Ideally, you’d start with training and socialization from an early age. Begin with the basics, such as housebreaking and walking on a leash. From there, you can move on to more “complex” stuff, such as crate training or teaching commands. At the same time, try and teach your new pet how to act around kids and other pets- without exposure and socialization, they can grow up to be grumpy. Owing to the fact that the Dach Griffon needs a bit more effort when it comes to its training, this breed is not ideal for beginner dog owners.


Both the Dachshund and the Brussels Griffon are small dogs, so it’s to one’s surprise that their offspring is of compact build, too. The Dach Griffon can weigh between 10 to 25 pounds. A lot will depend on which parent’s genes are more dominant in the mix. The sex also plays a role- females of the breed are usually much smaller.


The cute and quirky appearance of the Dach Griffon might be what draws people to this breed at first, but it’s their personality that makes them truly fall in love with these hybrids. These dogs are extremely affectionate and loyal to their close ones. So much so that they often become velcro dogs. Following their owner on every adventure- even if it’s just a trip from the sofa to the kitchen- is their greatest pleasure. Unfortunately, this also means that these tiny dogs can be prone to separation anxiety. Unless someone’s always home with the pets, it’s best to crate train them on time, so they’d feel safe and comfortable while you’re at work.

While the sweet, loving side of the Dach Griffon is undeniably heart-melting, their feisty, spunky side is also very lovable. These fun, energetic dogs have a curious and often mischievous nature. Their knack for being silly or getting into trouble is quite adorable. And, once they realize you find their goofiness cute, there’ll be no end to it: remember, the Dach Griffon years for its owner’s attention!

Common Health Problems

One of the main reasons why people started creating designer dogs in the first place is the desire to create healthier versions of purebred dogs. Some breeders believe that crossbreeding leads to hybrid vigor and that their puppies have improved resilience and fewer health issues. The jury is still out on this theory, but the Dach Griffon definitely is a fairly healthy breed. Of course, a lot will depend on which parent the puppy favors.

If their build resembles the elongated Doxie with short legs, they’re more likely to have Dachshund-specific issues. These include intervertebral disc disease, epilepsy or diabetes. Alternatively, if they inherit the short, flat-faced muzzle of their Brussels Griffon mom or dad, watch out for problems all brachycephalic breeds have.

In addition, like all small dogs, the Dach Griffon can be prone to obesity and at risk of early tooth loss. To prevent this, make sure to brush their teeth regularly and monitor their weight.

Life Expectancy

Usually, small dogs that are provided with good care throughout life have a good life prognosis. The Dach Griffon is no different. On average, these designer dogs live from 12 to 15 years- even more, if you’re lucky.

Exercise Requirements

Sure, the Dach Griffon has a lot of spirit and loves to play, but these are still small dogs. As such, they don’t need much exercise to spend all that excess energy. As a rule of thumb, these hybrids will need 30 to 60 minutes of daily activity. Usually, this means a few short walks around the neighborhood, coupled with a visit to a dog park or a game of fetch in the backyard. Since they’re not too demanding in terms of activity requirements, they are a great choice for apartment dwellers.

The Dach Griffon is also a very smart and curious pooch, so make sure you give them a way to exercise their brains, too. These hybrids will love playing with interactive toys and “solving” puppy puzzles. Make sure not to neglect their inquisitive nature- if you fail to give them a proper outlet for their curiosity, they’ll definitely get into trouble. More often than not, that trouble is closely related to chewed up shoes or ruined furniture!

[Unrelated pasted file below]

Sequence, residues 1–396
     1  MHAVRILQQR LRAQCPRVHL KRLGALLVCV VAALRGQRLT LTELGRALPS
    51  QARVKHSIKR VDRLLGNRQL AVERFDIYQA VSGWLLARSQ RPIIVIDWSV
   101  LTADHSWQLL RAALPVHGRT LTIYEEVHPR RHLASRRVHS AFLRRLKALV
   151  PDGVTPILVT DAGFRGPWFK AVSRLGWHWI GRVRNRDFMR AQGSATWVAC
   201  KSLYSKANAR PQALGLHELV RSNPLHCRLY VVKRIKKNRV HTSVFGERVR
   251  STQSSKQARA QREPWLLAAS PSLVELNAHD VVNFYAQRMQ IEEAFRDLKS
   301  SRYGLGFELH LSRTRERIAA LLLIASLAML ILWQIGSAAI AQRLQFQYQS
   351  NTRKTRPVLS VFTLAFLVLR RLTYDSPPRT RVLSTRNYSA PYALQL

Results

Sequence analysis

The Dach Griffon is a devoted and affectionate pet that will bond deeply with its owner.

Recognized Clubs

There are many smaller canine clubs and organizations that recognize designer dogs and hybrids. Those that recognize the Dach Griffon include the American Canine Hybrid Club, Designer Dogs Kennel Club, Dog Registry of America, and International Designer Canine Registry.


Both the Dachshund and the Brussels Griffon come in various hair types: from short and smooth to wiry hair. In most cases, though, the types that are used to develop this designer dog breed are the version of the Doxie with smooth short hair and the Griffon with the wiry, water-repellent hair. In terms of their offspring’s appearance, all options are possible. While there’s a tendency for puppies to have a shorter, wirier coat, they can also end up with soft, velvety fur. They’ll often sport a scruffy, hilarious beard of their Griffon parent, too. In all varieties, though, they are moderate shedders and easy to groom.

As for the colors, everything from bi-colored coats to varieties of red, black, and tan are possible options.


It’s impossible to find a cuter bunch of rascals than a litter of Dach Griffon puppies! These naughty charmers are aware of their influence on people and will try to wiggle their way out of trouble with big puppy eyes. Don’t fall for it- assert yourself as the leader of the pack early on, and you won’t have many issues as they grow up.

Owing to their charming personality, adorable looks, and moderate exercise needs, the Dach Griffon is a great choice for apartment dwellers and seniors. Provided that they work from home or in a dog-friendly workplace, singles can also be perfect parents for this designer dog.

Photo credit: Elen Dol/Shutterstock; MFrans/Shutterstock; kocsik/Shutterstock

Angela Vuckovic
Angela Vuckovic

A proud mama to seven dogs and ten cats, Angela spends her days writing for her fellow pet parents and pampering her furballs, all of whom are rescues. When she's not gushing over her adorable cats or playing with her dogs, she can be found curled up with a good fantasy book.